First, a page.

This article was originally published by Jeremiah Johnson on www.thedailysheeple.com

This piece is going to explain the many merits of shotshells. This is not the same as shotgun shells, although they work upon the same general principle: a cartridge for a pistol either “tamped” at the end or with an extension containing pellets to fire. These “pellets” are shot: not the type of play-toy pellets fired from a kid’s plastic toy gun (if that’s even allowed anymore).

These shotshells come in practically all of the calibers, from .22 on up to your larger magnum handguns, such as .44 magnums. The principal is the same as a shotgun, but with a handgun: to throw out a cone of this shot (pellets) of steel or lead for a wider dispersion, thereby allowing your pistol to function in the manner of a shotgun.

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The purposes you would want something such as this may not be obvious, but we’re going to cover them here, so that you may look at these rounds in a different light. Let’s cover some uses:

  1. Survival hunting: Yes, you just may have to do some hunting and it may not be hunting season. These shotshells are excellent for smaller birds and animals that would be torn up or decimated by a regular round from a handgun. I have hunted dove in the Southwest with these shotshell rounds with success: the dove is killed without ruining the meat for the table. From a survival perspective, you may need just that small edge if you come upon a small flock of birds or even a squirrel at close range.
  2. Pest control/protection: This means rats or rodents in your supplies out in the shed or barn, or a venomous snake, such as a copperhead or a rattler if you’re menaced. That spread on the shot pattern gives you an edge and helps with your marksmanship when you’re hard-pressed.
  3. For Defense when you don’t want to kill: Such as a dog or group of dogs coming toward you in the woods. Send off one shotshell as a warning, and shoot if they keep coming or menacing you and you don’t want to kill them…perhaps a warning shot in the dirt at close range beforehand.  You can do more with them for defense, but that is outside of the scope of this article and of my advocacy for actions you may take.
  4. For Home Defense: you can use the larger calibers (such as .45 ACP, .44 Magnum, etc.) to have a “close encounters home load” that will not present as much of a danger to someone in another room if you miss as with a bullet.

The shotshells do have a drawback. If you’re using them in a semi-automatic pistol, the pressure is not strong enough to rack the slide enough to chamber another round. In this manner, only a revolver is a sure-fire way to ensure you will be able to fire rounds in succession. Once again, it will depend on the make and model of your revolver, as well as the size of the cartridge to determine whether the hammer will be all the way to the rear if it’s a double-action revolver.

Try it out, and pick up a box. They’re relatively inexpensive and easy enough to find at your local outdoor sporting goods or gun store. Throw a box in with your gear and when you’re out and about. You never know when they’ll come in more than just handy..and when they’ll give you the “win” in a situation where life and limb are on the line.  JJ out!



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  1. Please for the love of everything holy never give advice to anyone ever againif this is the kind of garbage that you’re going to spew. To start off with for self-defense if you need to pull your gun on fire you need to pull your gun on fire with a deadly round center mass because someone is trying to kill you. If they are close enough for the pattern to be effective with a shotshelland you can hit them in the face and blind them you could have hit them in the face with a normal bullet and done the job better with more certainty that it will work, without having to rack your slide to chamber another round, which if you missed is going to get you killed. The effective pattern from pistol cartridge shotshells even in 44 magnum is limited to about 5 yards at the most. They can kill rats and they can kill snakes but that’s about it. They might kill or disable a squirrel or bird but show me a squirrel or a birdit lets you get that close and I’ll show you a squirrel or bird that you could have shot with a normal round instead of taking the potential of wounding it and losing it or missing. point being if you’re going to hunt small game go get a 22 or a shotgun. If a dog just like a person is threatening your life you need to shoot it. If wild dogs are surrounding you their menace. They will kill wild game livestock and people.A dog that attacks people is going to do it again and you need to put it down. It is also an animal just as any other and blinding it with a shotshell is some cruel evil stuff. Take the shot shells and put them in your ammo storage, and keep them for in case you see a snake or get rats. Though they are really not even that effective on rats to be honest you would be better off with a pellet gun most of the time.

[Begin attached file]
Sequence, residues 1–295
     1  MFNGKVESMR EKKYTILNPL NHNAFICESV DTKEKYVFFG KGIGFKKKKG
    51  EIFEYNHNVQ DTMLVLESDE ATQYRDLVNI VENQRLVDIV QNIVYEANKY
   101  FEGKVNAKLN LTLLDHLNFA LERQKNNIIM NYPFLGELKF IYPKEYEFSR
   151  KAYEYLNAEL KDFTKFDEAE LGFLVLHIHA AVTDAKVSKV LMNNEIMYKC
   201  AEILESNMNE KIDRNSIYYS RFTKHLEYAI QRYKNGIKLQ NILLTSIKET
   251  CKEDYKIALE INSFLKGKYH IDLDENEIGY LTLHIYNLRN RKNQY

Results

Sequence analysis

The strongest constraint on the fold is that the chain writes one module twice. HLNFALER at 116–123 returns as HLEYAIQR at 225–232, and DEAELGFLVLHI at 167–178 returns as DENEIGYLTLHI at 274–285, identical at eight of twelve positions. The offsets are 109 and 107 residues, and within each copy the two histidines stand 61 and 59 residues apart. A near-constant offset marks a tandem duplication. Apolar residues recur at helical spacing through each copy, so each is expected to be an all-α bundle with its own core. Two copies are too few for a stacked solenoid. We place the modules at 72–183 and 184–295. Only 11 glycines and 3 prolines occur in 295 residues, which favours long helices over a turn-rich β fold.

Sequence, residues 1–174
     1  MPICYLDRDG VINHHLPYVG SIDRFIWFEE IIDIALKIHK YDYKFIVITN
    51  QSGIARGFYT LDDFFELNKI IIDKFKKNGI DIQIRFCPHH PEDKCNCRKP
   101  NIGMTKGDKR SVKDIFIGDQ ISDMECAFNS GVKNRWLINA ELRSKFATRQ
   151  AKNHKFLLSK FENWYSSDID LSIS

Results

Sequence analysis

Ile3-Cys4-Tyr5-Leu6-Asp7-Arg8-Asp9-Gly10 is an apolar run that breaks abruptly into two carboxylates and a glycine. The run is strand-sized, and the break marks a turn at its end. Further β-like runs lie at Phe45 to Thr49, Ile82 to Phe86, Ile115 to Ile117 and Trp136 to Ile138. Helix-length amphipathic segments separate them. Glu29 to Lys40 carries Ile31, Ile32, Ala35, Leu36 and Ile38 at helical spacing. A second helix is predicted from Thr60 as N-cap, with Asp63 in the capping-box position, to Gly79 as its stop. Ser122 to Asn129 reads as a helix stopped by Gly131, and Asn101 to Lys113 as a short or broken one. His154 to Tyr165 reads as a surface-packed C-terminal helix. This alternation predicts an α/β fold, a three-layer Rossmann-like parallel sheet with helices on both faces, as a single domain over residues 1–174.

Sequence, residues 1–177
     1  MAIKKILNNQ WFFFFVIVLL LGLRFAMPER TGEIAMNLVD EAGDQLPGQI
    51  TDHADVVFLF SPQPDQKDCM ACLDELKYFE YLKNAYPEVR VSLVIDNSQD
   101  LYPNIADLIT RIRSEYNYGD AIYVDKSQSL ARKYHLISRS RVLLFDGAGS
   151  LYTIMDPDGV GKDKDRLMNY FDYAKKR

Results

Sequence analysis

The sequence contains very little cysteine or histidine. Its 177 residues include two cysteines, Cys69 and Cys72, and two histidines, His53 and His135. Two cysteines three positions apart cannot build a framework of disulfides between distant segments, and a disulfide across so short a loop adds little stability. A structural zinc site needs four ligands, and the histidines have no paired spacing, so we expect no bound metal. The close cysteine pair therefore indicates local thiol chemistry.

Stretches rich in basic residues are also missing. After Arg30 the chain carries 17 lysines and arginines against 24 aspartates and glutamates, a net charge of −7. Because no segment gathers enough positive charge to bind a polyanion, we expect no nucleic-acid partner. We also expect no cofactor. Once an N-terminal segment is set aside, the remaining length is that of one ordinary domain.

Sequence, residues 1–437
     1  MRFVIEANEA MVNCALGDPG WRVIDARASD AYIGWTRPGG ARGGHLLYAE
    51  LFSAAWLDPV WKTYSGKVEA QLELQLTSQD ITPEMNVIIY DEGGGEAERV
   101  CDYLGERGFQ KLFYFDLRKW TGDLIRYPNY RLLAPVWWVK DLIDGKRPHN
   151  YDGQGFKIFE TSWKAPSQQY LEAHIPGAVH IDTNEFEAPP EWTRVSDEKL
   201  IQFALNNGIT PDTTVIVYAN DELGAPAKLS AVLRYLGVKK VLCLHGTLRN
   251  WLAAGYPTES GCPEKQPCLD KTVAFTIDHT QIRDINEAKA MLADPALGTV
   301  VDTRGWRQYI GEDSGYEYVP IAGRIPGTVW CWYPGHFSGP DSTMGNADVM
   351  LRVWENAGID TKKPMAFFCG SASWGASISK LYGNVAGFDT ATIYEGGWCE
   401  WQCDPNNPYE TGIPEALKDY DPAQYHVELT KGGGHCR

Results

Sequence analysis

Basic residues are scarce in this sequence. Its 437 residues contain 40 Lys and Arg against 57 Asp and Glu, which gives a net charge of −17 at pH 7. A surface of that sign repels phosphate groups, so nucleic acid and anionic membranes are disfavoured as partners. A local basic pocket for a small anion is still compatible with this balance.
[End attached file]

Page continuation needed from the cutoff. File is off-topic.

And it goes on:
1. I agree with almost everything that you said. And I will stress it again: If firearms are to be used for defense (animals or people) then you are in a life-threatening situation and you must use deadly force. If deadly force is not required, you probably don’t need a firearm.

      I use shotshells on a regular basis for rodent (rats, packets, mice, and birds) control in the barn. Sometimes, snakes. But bullets work best on rattlesnakes.

      You can use shotshells for (very close) hunting of birds or squirrels. But why would you want to. Many times you won’t get a clean kill and the wounded animal will escape and suffer. 🙁

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